The COVID-19 crisis has highlighted the way diasporas respond to crises. Shabaka launched its latest research report in collaboration with EUDiF on 2 June with a webinar discussing the key findings. The report explores diaspora crisis responses in six cases: Lebanon, Nepal, Nicaragua, Sudan, Ukraine and Zambia. The project explored diaspora motivations, the modalities of their response, their challenges and best avenues for support.
At the webinar, Paul Asquith, Research and Advocacy Manager at Shabaka established the key findings of the research. Amongst these are the importance of shared identity and memories, and the specific socio-economic and historical contexts of each emergency. Diasporas are driven by a desire for impact: they offer varied support that goes beyond financial resources and are able to navigate complex contexts, operating across the humanitarian-development nexus There are some challenges, such as a lack of recognition by with traditional actors, differing terminologies, and a lack of coordination. The report suggests several ways to go forward: engaging diasporas for humanitarian response as well as development, improving coordination mechanisms, facilitating diaspora action, upskilling for both traditional actors and diasporas, maintaining ongoing communication, and research.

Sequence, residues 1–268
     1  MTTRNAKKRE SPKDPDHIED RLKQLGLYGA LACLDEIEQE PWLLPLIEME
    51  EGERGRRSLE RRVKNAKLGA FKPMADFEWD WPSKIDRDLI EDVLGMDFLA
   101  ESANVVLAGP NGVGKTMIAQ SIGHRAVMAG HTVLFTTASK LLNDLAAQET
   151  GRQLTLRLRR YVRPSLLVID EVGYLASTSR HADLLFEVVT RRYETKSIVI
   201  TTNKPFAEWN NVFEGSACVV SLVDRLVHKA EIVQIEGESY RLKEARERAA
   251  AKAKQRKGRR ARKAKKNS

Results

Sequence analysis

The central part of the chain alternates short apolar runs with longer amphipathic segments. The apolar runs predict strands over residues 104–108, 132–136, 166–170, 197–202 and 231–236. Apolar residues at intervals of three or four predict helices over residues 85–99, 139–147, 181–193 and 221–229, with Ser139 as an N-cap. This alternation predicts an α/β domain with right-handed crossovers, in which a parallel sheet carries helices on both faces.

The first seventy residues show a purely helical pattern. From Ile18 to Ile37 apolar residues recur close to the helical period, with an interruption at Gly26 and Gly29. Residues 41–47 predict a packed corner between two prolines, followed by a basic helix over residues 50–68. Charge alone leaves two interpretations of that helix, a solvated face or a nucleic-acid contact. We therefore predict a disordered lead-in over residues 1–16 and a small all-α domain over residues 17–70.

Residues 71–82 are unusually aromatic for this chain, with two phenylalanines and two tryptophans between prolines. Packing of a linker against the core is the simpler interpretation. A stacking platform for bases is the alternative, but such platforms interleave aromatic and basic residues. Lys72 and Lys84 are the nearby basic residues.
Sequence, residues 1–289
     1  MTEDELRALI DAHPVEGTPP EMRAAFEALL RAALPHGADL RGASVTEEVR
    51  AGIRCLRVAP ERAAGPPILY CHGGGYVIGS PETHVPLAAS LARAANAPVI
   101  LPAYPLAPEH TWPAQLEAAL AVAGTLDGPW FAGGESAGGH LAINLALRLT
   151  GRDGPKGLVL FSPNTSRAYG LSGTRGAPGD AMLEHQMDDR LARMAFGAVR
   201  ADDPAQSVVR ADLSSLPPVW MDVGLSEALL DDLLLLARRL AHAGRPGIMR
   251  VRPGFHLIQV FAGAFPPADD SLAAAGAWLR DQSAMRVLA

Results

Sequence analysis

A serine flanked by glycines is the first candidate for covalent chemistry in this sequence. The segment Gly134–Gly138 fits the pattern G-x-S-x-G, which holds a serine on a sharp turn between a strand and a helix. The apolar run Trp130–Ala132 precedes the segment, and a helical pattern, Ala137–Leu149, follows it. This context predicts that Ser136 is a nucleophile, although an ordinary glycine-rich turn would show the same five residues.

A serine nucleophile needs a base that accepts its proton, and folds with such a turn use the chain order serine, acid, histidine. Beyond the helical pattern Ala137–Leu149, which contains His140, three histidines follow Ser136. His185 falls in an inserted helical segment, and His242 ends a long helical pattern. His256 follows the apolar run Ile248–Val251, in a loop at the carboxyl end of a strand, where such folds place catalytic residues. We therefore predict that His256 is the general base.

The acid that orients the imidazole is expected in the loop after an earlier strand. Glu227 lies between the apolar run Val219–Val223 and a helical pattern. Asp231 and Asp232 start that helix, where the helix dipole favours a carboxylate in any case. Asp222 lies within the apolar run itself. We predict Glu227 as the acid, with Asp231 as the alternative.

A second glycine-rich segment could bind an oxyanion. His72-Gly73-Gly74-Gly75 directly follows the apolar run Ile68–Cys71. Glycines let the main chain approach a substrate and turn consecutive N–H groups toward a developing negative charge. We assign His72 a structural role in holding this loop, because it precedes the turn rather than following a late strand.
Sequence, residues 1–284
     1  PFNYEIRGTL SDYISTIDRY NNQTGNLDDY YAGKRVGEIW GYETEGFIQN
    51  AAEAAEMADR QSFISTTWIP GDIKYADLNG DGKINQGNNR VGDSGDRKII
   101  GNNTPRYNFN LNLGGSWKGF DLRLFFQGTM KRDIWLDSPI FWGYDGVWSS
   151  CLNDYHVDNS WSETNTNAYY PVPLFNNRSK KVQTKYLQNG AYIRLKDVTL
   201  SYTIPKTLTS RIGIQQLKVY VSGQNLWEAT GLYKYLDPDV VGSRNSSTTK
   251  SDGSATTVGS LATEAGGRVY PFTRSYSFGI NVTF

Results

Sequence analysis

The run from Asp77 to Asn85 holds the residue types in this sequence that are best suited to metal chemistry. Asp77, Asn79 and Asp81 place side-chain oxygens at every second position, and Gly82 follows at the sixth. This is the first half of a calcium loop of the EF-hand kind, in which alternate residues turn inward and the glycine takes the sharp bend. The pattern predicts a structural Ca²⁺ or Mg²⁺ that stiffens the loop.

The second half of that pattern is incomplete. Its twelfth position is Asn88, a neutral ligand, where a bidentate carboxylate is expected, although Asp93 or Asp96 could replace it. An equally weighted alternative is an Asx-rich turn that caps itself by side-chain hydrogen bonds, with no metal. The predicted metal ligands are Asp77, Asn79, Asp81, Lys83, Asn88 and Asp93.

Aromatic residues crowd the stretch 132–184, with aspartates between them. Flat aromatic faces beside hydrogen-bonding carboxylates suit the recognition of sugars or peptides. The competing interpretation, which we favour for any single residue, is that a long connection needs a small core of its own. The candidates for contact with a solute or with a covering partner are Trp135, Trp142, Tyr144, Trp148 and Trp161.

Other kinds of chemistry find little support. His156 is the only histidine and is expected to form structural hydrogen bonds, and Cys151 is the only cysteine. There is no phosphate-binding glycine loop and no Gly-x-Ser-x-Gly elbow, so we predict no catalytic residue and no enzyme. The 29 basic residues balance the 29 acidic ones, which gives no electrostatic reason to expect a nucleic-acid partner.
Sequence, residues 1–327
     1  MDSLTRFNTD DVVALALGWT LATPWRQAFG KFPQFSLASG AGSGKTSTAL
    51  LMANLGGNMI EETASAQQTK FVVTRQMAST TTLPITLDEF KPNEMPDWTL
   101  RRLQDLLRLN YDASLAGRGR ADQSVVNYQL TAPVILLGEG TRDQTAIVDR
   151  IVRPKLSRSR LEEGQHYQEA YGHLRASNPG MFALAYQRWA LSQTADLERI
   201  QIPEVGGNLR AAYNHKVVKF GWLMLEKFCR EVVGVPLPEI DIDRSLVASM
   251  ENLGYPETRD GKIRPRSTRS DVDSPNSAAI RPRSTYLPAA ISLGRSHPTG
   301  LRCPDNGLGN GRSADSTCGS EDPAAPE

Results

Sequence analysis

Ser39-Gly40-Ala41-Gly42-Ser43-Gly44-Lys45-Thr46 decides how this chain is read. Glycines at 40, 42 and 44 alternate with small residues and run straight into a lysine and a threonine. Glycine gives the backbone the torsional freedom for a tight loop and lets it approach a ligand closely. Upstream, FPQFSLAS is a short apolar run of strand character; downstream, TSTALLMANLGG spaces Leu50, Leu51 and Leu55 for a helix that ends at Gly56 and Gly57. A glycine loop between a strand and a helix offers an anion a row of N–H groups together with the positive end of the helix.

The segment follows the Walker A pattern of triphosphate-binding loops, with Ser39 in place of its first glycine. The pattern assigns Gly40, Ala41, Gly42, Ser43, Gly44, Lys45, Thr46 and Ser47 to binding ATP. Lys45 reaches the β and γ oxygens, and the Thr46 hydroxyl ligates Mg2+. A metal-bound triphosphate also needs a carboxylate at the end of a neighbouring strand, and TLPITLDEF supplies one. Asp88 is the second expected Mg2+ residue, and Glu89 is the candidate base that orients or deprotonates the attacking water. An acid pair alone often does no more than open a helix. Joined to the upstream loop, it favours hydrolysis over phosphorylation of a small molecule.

Amel Karrar from the Secretariat for Sudanese Working Abroad (SSWA) touched on the responsibility of governments to coordinate and facilitate diaspora involvement. She emphasized the importance of intra-government coordination and mechanisms to work with diasporas to ensure continued collaboration.
Alexandra Singpiel from DEMAC (Diaspora Engagement Action and Cooperation) spoke on the Ukrainian context, and noted some important patterns including flexibility and mobility in diaspora involvement. Alexandra highlighted the importance of understanding between traditional actors and the diaspora of the heterogeneity and complex motivations of diasporas and improving communication and information sharing through dedicated points of contact.
Paddy Siyanga Knudsen, Migration Governance Analyst speaking on the Zambian case, stressed the role of identity and that the diaspora is driven by impact, which makes trust conditional on concrete results. She reiterated the importance of coordination mechanisms, and added that diasporas should be seen as crucial actors on the ground in times of crisis. She noted that targeted and purposeful communication was essential to make platforms accessible.
The discussion addressed some of the challenges for diaspora engagement and highlighted ways to go forward. It demonstrated the importance of localised research and also identified future areas of exploration into gender and age dynamics.